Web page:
Clyde to Cape Wrath – day 4

Today involved only one big climb, over the  Corrieyairick Pass to Fort Augustus. It’s big and brutal but only short. I left Loch Ossian SYHA in gloomy, damp weather, heading north for Loch Laggan. This section is generally simple cycling, on good estate roads and often downhill. It’s a popular outing from Fort William using the early Glasgow train, but make certain to book a bike rack in advance. From Loch Laggan the track turns east, traversing the south shore, passing impressive Ardverickie House and sandy beaches, if the loch is low. On reaching the gatehouse at the junction with the A86, turn left for only a few minutes ride and a rough track leads off right uphill, before the old filling station. A fairly short and easy uphill section approaches the open moor, before descending into upper Glen Spey . The Spey mostly flows east into the North Sea, but some is harvested via underground conduits into Loch Laggan, before being used for energy in the Fort William smelter turbines and finally flushing into the Atlantic.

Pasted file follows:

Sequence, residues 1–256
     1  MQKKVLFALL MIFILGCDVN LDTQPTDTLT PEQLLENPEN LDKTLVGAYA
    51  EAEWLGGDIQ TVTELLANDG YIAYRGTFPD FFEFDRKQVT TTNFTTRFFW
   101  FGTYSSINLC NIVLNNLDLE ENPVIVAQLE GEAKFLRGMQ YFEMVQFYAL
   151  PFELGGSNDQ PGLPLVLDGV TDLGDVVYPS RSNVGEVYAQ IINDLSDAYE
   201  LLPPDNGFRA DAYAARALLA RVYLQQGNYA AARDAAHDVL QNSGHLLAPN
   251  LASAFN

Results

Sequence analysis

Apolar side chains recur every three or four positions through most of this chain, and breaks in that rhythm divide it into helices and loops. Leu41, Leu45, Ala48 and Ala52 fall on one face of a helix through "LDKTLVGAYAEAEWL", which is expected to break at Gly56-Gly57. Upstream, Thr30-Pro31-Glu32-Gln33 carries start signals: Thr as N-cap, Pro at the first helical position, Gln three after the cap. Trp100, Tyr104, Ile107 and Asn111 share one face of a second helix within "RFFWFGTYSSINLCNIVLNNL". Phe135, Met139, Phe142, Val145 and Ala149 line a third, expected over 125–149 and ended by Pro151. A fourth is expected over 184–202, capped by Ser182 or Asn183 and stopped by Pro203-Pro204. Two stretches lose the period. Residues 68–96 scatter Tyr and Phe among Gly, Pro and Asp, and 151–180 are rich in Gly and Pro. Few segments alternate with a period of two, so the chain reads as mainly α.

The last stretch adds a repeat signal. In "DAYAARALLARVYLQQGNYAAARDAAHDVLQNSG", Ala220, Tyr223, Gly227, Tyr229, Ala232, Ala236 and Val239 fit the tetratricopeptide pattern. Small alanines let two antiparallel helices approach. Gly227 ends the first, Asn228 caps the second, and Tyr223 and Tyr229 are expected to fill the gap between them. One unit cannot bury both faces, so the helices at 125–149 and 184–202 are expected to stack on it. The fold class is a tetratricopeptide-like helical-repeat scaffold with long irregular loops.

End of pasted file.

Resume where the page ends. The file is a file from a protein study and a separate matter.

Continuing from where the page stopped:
The River Spey headwaters flow through some beautiful countryside marked by power lines feeding our need for energy. The ascent towards the Corrieyairick Pass is fairly gentle at first, passing Melgarve Bothy. This welcome shelter made a good lunch spot, before tackling the main attraction (?). The trail towards the pass has been trashed by 4×4 vehicles, but is still rideable, however the steep zig zags towards it’s summit are definitely for hiking and pushing. By now the mid-day clearance in the weather was settling into rain and strong side winds. In descent from the pass, south-westerly gusts were catching my bike-pack frame bag. A definite ‘list’ to port was required. The track is steep and rough in places and care is needed, before gaining the lower and better maintained surfaces. After 45 miles I was pleased to find a spare bed at the independent hostel Morag’s Lodge It’s haunted by the way.